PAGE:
David Walterhouse, MD, a pediatric oncologist with an international reputation for the treatment of childhood sarcomas, works closely with Philip Iannaccone, MD, PhD on the role the GLI genes play in both cancer and early developmental fate decisions. Together with Joon Won Yoon, PhD, we focus on the genetic regulation and biochemical mechanisms of action of a family of transcription factors identified in human brain tumors (glioblastoma) and subsequently shown to be very similar in sequence structure and function to genes in the fruit fly, mouse and roundworm, indicating the fundamental importance of the genes.
We study the network of Sonic Hedgehog (Shh) and GLI genes, a critical developmental signal transduction pathway because of its potential implications for human health. In this network, the protein Shh functions as a signal outside of the cell, interacting with receptors on the surface of the cell, which cause a series of intracellular events. A cascade of changes in the molecule GLI inside the cell at a specialized structure called the primary cilium leads to movement of GLI into the nucleus where it interacts with the genes that it regulates. We have studied how GLI functions as a “molecular switch” that turns other genes on and off. The Shh/GLI network is responsible for a wide variety of serious birth defects or cancer when there are mutations in the GLI gene that disrupt its interaction with target genes and interfere with its regulatory function.
There are important implications of these studies to evolutionary development. Shh and GLI are known to be conserved from the roundworm to human beings. This degree of conservation implies that these genes are likely highly conserved in structure, process, and function and are thus critical to the species and important in the study of evolutionary development. Advancing our understanding of these structures and processes is fundamental to understanding evolutionary development as it relates to human health.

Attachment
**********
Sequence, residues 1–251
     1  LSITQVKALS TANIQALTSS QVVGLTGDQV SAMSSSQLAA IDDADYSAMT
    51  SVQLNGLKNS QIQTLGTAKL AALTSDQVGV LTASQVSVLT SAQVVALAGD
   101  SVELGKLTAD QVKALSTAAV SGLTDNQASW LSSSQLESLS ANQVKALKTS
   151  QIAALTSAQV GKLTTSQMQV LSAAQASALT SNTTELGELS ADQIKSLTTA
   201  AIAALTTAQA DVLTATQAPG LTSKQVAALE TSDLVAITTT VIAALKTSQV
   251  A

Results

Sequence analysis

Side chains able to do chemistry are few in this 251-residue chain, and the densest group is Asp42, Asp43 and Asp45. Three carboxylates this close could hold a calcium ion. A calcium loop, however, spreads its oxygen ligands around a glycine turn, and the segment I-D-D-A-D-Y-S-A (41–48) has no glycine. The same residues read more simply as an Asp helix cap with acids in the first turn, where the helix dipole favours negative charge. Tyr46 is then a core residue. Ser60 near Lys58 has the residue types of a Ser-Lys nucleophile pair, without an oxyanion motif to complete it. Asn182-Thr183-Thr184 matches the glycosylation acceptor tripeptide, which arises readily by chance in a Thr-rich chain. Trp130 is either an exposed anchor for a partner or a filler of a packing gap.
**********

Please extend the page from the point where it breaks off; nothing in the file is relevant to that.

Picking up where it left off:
The lab has devoted much attention to the mechanism of stem cell allocation to organs as they develop. We have used genetic mosaics and chimeras to follow allocation and movement of cells in a variety of organs including liver, adrenal cortex and cornea. We have established that algorithmic growth can explain the observed patterns of allocation and that the process is fractal, consistent with iterative division rules that can be self-organizing. This work will help develop paradigms to assess the quality of tissue engineering products. This work has been published in PLoS One.